The footprints of plant evolution left for us by flowers
Department of Biology — Hirano Laboratory
Professor Hiroyuki Hirano
Department of Biology
Graduate School of Science
Professor Hirano graduated from Tohoku University’s biology program in 1978. In 1983 he completed the graduate course of biochemical regulation at Nagoya University. He then became a fellow at the Japan Society for the Promotion of Science (Tokyo University), and became an assistant professor at the National Institute of Genetics in 1988. In 1996 he became an associate professor in the University of Tokyo Graduate School of Agricultural and Life Sciences, and obtained his current position in 2004.
Did you know that the great writer Goethe was also a botanist?
In his 1790 book Metamorphosis of Plants, he states, “flowers are a metamorphosis of leaves.” Goethe had carefully observed flowers by employing sensibilities honed through his creation of poetry and novels, and this was the conclusion he was led to. It was not until two hundred years later, in 1991, that Goethe’s words were confirmed experimentally by modern biological research. That was the year in which the four floral organs—sepals, petals, stamens, and carpels—were found to be determined by three classes of floral homeotic genes (A, B, and C genes).
“If all ABC genes are defective, the result is floral organs that look like leaves,” says Professor Hiroyuki Hirano. “This mechanism, which has been named the ‘ABC model,’ is both simple and beautiful, truly a glorious and monumental work in botany.”
It is primarily angiosperms that create beautiful flowers, which evolved as reproductive organs for the production of offspring. In contrast, the ancient ancestors of angiosperms, ferns, produce offspring through the release of spores that develop on the underside of their fronds. Sperm and eggs are produced from germinated spores, and then fertilized. However, water in the form of rain or dew is required for sperm to reach the eggs, leaving part of the reproductive process up to chance. This is the reason why some plants developed flowers, Professor Hirano explains. “Plants developed flowers as reproductive organs so that they can better procreate in areas where there is little water. The flowers attract insects, which are used as a mediator for transferring pollen from the stamen to the pistil. We believe that the evolution of flowering plants was therefore a way of making reproduction safer and more efficient.”
It is typical in plant research to use Arabidopsis thaliana (thale cress) as a model organism, but Professor Hirano has focused on Oryza sativa, better known as rice. Professor Hirano says, “Taxonomically speaking, Arabidopsis and rice are distantly related species — the former is a eudicot, while the latter is a monocot. The ABC model explaines the developmental mechanism of eudicot flowers well, so my first question was whether the model could be simply applied to flowers in other plants. To address this question, we started rice developmental research.”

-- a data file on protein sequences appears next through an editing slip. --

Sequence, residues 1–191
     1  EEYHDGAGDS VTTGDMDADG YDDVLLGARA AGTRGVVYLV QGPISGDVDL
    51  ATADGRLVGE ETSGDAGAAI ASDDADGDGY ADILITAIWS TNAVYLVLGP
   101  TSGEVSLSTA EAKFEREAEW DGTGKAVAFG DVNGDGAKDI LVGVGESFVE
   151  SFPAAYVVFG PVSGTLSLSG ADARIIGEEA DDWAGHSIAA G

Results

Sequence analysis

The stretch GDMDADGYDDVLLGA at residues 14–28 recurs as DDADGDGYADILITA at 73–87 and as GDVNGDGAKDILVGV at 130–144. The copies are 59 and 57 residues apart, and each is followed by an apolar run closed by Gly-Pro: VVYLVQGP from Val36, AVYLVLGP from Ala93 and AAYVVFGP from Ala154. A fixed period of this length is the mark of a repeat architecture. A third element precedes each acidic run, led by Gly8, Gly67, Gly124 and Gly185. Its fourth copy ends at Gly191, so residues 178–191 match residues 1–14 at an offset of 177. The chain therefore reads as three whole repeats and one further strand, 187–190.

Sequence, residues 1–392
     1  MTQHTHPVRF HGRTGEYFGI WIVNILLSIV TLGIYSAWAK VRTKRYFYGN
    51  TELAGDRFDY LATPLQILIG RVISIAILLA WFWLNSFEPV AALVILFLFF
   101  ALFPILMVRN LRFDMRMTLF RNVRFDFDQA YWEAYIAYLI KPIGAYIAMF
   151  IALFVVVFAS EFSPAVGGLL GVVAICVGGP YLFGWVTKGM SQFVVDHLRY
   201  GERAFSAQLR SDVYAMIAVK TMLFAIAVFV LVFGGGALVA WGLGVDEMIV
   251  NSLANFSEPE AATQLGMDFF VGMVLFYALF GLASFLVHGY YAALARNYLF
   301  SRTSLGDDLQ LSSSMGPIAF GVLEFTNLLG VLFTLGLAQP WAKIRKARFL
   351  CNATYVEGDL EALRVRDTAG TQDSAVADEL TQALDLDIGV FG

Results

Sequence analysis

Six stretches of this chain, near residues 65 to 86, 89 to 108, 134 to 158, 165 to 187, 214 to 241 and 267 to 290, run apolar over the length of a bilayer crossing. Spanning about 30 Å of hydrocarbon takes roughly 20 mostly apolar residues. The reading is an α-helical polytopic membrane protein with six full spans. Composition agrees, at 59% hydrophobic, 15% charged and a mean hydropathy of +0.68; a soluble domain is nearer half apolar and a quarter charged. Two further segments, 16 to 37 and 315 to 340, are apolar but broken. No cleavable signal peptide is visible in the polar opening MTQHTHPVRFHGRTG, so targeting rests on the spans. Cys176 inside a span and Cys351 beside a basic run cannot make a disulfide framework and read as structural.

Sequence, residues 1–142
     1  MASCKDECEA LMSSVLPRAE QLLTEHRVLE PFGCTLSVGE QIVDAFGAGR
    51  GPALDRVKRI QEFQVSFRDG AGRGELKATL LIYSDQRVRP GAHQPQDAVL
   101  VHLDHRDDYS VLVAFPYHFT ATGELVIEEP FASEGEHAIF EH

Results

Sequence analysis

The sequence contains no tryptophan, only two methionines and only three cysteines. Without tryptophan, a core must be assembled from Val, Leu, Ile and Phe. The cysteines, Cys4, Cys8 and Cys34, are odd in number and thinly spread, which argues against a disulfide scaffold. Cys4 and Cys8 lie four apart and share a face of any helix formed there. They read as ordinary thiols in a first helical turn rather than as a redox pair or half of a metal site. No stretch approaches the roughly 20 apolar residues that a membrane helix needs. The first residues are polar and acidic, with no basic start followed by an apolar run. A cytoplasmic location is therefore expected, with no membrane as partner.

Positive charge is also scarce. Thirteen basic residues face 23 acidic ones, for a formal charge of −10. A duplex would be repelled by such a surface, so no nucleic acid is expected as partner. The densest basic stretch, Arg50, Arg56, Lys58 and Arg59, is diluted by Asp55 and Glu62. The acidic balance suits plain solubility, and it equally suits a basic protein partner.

Through his rice studies, Professor Hirano has been revealing mechanisms unique to monocots. Although the ABC model serves as a foundation, Professor Hirano has revealed that a new gene, which was not involved in the model, plays a key role in pistil development.
The research theme of the Hirano Laboratory is evolutionary genetics. Genetics research starts with the discovery of mutations. Collecting a sufficient number of mutations requires examining a large number of samples, so working in rice paddies is a big part of the research process.
Planting rice and searching for mutants is too large a task to perform alone, so the entire lab pitches in. To improve feelings of solidarity, the lab has created T-shirts for its members, and Professor Hirano takes charge in creating a positive atmosphere in the lab. This is quite evident to students there; as Shigehiro Sugiyama (B4) says, “We have lunch with Professor Hirano every week after our seminar. That lets us speak with him on friendly terms, bringing us closer.” Takuya Ikeda (M1) says, “When students come to rice plantings for the first time, he shows them how to do it himself.” Chie Suzuki (B4) reports that “He gives us all ice cream when we’re working in the summer. Afterward we all go out drinking. He probably out-drinks us all!”
Another characteristic feature of the Hirano Laboratory is teamwork that spans generations. “Rice only produces one generation per year. If one were to make a solo attempt at finding mutations, isolating the target genes, and figuring out their function, that would easily take three to five years,” explains Professor Hirano.
Current students pick up from where their predecessors left off, and leave the seeds of their own research to be carried on by subsequent students they may never meet. Sometimes these are literal seeds, those of mutants they found in the field. Just as seeds connect generations of plants, so too do they connect generations of research at the Hirano Laboratory.
A question mark formed by a mutated rice stamen, inspired by the fact that research begins with simple questions. This image entitled “The Spirit of Science” won second place in a 2011 University of Tokyo scientific imagery contest, and, since then, the image has been used in promotional posters as a symbol of the contest.
The entire laboratory team, planting rice.
“He’s easy to speak with, which creates a positive, stress-free environment.” (Takuya Ikeda, M1)
“He loves hot and spicy Chinese and Korean food.” (Chie Suzuki, B4)
“He’s quite passionate about his research, and has a keen eye.” (Shigehiro Sugiyama, B4)
― Office of Communication ―